The immediately obvious difference between the two microphones was the relatively low sensitivity of the Lewitt's dynamic capsule and the large imbalance between its two elements. The Audio-Technica mic's dynamic capsule was only about 3dB less sensitive than its electret (which was a few decibels more sensitive than the Lewitt mic's electret), while the DTP640 REX dynamic output was way down in comparison. In practice, there was no problem getting enough level from the mic, and actually the electret output needed to be padded down, but the disparity between channel gain settings was a little unsettling. The obvious and pragmatic solution, though, is simply to always run the Lewitt mic with the 10 or 20 dB pad switched in, which makes balancing channel gains a lot easier. In direct comparisons, I also noticed that the DTP640 REX's electret capsule was slightly noisier than the A-T offering — but I think we can forgive that, given the price differential!
I found that the flat EFR mode most closely matched the tonality of the A-T mic, and once the gain structure had been optimised, the two performed quite similarly. Switching to the Dynamic EFR mode gave a more typical kick-drum mic sound, and provided a great solution when there is one kick drum channel available, presenting plenty of LF weight and HF click, plus a nice mid-range scooping for clarity.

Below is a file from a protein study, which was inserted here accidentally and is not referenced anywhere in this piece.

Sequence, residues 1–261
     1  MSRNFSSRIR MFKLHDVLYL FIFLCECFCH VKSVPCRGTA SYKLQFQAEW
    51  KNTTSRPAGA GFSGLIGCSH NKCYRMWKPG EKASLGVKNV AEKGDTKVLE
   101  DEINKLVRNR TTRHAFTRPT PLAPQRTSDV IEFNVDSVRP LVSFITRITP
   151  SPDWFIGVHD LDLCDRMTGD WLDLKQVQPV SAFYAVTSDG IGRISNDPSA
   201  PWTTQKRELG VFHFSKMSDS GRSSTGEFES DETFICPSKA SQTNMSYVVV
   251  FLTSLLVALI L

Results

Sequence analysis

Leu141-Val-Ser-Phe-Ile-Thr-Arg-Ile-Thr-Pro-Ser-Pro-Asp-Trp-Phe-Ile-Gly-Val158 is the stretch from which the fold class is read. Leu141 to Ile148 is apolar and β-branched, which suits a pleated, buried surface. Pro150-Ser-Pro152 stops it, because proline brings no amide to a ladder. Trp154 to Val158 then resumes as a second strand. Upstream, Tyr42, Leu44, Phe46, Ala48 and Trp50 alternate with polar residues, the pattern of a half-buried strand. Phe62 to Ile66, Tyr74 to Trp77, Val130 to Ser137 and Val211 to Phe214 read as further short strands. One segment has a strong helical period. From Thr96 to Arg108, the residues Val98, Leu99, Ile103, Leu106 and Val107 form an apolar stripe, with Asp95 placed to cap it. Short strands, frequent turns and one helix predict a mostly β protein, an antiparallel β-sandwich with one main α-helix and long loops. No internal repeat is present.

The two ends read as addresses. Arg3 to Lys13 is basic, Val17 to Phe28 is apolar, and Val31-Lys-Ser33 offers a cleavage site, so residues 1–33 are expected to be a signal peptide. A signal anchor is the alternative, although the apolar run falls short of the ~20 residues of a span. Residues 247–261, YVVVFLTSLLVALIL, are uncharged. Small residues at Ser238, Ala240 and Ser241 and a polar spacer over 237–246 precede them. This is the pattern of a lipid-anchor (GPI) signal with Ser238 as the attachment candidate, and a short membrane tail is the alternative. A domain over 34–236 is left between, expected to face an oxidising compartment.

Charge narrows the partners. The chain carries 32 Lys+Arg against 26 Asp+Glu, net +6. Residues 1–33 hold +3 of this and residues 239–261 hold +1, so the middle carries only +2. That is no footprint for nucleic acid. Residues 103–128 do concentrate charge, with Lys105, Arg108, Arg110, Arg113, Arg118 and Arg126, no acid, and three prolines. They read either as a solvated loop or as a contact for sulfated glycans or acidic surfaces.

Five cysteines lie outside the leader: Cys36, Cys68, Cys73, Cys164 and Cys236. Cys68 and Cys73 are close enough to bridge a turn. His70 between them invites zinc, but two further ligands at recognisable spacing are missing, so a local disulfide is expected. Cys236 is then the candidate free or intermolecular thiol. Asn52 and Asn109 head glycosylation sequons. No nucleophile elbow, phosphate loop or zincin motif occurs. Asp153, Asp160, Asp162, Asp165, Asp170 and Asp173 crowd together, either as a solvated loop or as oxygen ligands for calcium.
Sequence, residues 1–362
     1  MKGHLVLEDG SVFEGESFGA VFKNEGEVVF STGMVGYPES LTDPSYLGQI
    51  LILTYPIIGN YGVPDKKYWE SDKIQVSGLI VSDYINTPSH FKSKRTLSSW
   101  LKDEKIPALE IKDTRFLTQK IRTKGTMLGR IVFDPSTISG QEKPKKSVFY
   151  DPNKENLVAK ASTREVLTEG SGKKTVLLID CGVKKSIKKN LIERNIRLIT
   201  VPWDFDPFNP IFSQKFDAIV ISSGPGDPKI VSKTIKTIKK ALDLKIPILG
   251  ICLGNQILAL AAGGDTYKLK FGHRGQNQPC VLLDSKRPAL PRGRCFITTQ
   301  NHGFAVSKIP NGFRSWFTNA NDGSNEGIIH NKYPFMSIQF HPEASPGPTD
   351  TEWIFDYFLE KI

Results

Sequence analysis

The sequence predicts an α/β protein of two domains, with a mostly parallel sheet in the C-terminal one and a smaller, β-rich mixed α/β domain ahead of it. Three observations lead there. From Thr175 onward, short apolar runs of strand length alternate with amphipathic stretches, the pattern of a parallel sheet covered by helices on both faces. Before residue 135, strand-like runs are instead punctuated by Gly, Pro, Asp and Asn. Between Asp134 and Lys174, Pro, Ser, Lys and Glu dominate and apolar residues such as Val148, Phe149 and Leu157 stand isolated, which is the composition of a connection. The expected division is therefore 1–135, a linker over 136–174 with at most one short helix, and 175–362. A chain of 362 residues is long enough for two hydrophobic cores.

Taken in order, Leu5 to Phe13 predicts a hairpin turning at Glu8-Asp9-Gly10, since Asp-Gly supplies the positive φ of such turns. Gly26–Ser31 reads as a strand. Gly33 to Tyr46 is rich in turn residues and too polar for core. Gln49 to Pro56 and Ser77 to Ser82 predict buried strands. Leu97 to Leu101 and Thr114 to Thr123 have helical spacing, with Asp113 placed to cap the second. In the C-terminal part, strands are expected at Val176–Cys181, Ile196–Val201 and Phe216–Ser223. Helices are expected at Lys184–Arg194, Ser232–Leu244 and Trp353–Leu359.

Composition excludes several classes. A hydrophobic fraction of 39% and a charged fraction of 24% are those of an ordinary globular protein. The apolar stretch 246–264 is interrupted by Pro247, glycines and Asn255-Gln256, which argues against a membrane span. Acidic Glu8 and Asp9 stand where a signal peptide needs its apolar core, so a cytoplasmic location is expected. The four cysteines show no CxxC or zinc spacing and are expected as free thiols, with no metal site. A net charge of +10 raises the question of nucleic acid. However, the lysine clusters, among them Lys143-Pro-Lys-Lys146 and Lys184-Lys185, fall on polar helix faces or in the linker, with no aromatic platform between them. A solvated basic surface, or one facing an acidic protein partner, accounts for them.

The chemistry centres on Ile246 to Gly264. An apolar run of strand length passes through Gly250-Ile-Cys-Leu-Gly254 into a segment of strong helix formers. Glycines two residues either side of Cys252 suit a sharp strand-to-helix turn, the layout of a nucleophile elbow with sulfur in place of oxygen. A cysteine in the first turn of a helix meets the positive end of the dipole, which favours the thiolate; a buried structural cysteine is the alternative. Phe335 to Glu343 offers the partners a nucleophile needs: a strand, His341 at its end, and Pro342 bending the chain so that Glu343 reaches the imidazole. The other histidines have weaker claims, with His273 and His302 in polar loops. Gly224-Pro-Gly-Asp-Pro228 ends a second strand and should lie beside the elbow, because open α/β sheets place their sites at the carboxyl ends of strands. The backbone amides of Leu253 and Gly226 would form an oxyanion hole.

As far as I am aware, the Dual EFR mode is a unique feature, and I quite liked the flexibility of having the 'thump' and 'click' available on separate faders. Of course, much the same thing could be achieved by dialling in fistfuls of console EQ with the mic operating in its normal mode, but it's nice to have it available at the click of a switch.
I have become a big fan of the dual-capsule kick-drum mic approach, and found the Lewitt mic compared quite favourably with my own A-T AE2500 in many ways. I would recommend keeping the 10dB pad switched in for the electret, to balance the two capsule outputs more effectively, but with that small proviso, the DTP640 REX is a good-sounding and very versatile dedicated kick-drum mic. .
Two other dual-element kick-drum mics worth considering are the Audio-Technica AE2500, which costs roughly twice as much, and the same company's more affordable ATM250, at about 40 percent less than the DTP640 REX.